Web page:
A morning in Jim Thorpe OLYMPUS DIGITAL CAMERA I've wanted to get back to Jim Thorpe for almost forever.  It's been at least five years - and several cameras - ago.  Thanks to the Palmerton Camera Club, I got up early on a Sunday to drive north and snag a good parking spot in the public lot; I ended up staying about twice as long as I had intended, because there's so much to see and because I wanted to get my money's worth for that parking.  The Palmerton gang had hired the services of Tom Storm (and his bravely barefoot partner, Brie), to show us around town and be available for any photographic assistance, too.  Tom, in turn, invited a friend of his, Jack, who was old enough to be Tom's grandpa and had enough stories about the town to keep us entertained for hours.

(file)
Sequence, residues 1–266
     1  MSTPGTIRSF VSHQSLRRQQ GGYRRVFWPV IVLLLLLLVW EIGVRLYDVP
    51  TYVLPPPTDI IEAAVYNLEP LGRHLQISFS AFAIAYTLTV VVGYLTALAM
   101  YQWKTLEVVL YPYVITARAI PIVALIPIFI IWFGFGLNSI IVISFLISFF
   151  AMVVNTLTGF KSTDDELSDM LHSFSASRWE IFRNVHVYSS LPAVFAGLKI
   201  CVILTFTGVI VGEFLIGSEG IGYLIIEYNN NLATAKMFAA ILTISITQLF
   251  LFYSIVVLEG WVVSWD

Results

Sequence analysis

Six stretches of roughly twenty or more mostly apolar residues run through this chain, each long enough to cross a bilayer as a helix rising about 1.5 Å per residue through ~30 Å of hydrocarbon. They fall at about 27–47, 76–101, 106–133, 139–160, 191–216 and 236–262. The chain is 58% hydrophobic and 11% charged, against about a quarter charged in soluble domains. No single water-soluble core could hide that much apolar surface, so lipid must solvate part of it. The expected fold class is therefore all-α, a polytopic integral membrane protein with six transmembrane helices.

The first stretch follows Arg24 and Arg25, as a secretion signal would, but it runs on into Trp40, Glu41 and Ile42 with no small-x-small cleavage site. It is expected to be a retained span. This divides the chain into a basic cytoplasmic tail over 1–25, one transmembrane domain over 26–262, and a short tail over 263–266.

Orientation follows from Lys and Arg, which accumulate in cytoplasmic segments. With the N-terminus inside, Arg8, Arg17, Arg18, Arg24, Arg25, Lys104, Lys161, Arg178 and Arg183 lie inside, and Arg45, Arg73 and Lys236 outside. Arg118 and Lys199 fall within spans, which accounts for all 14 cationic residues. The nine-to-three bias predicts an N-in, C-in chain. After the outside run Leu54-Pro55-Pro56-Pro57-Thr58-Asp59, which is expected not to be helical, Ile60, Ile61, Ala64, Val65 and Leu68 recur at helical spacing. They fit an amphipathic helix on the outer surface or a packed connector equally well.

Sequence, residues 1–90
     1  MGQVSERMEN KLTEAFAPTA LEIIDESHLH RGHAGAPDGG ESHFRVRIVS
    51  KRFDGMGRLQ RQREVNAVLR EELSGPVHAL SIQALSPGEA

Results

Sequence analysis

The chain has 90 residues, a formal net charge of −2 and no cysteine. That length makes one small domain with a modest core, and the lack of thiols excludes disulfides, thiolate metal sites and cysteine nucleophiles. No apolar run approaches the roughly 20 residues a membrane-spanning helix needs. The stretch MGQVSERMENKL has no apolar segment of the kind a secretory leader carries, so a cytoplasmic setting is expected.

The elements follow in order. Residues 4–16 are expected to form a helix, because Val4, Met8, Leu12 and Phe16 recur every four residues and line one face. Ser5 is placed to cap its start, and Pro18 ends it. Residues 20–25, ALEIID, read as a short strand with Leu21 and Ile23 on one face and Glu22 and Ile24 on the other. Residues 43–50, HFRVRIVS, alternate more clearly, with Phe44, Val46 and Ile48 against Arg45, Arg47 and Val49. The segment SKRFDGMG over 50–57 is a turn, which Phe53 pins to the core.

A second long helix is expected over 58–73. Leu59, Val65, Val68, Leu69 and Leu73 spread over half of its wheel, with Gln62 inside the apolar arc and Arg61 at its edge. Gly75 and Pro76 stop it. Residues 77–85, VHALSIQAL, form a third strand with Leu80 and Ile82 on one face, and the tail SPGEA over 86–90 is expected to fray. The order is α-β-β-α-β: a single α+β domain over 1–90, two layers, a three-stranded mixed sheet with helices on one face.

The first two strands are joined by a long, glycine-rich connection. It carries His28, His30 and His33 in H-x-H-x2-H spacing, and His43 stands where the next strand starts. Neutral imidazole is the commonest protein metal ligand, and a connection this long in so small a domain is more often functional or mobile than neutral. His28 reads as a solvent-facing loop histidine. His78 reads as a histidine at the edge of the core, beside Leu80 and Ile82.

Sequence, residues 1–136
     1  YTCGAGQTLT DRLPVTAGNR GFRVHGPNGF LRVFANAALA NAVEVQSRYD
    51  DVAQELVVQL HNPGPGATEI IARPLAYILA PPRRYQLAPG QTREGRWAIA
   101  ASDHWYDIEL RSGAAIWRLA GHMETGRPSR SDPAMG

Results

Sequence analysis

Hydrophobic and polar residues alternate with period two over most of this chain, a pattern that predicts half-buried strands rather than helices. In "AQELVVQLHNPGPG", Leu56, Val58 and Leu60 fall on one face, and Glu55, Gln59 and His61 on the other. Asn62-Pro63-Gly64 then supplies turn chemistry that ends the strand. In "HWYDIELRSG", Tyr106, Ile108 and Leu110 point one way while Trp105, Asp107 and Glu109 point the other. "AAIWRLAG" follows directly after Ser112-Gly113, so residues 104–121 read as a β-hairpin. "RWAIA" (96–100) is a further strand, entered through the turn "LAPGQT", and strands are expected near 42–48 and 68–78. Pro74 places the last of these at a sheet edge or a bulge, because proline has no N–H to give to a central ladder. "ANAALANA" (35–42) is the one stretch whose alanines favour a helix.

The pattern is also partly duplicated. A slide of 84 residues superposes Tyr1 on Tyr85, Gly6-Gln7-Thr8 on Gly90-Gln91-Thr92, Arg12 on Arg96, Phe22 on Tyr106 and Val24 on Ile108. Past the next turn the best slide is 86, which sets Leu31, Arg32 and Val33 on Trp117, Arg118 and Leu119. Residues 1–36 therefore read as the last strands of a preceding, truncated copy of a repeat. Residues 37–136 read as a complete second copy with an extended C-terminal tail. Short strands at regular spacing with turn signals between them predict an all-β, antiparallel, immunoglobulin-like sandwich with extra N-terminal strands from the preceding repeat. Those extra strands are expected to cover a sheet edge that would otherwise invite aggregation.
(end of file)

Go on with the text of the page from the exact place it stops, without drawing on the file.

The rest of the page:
Of course, the architecture alone is astounding.  (Can you find Santa Claus?)


Plenty of little shops, and where you have little shops, you have shopkeepers and shoppers.  Here we have a notice board outside the cigar shop; I didn't look to see what he was changing, but there's probably a price list there and some suggestions on the latest product.


Of course, as luck would always have it, the best photo opportunities are on the way back to the car, where we found a troupe of Native American dancers in the square, outside the train station.  Thank heaven for continuous mode, you know?

I have more Jim Thorpe images, but these are my four favorites.  Maybe we'll get around to more as the week goes on.  In the meantime, enjoy!

]]> (Joan Zachary) Mon, 22 May 2017 15:52:46 GMT
Joan Zachary is retiring. The uncertainty of my inner childThe uncertainty of my inner child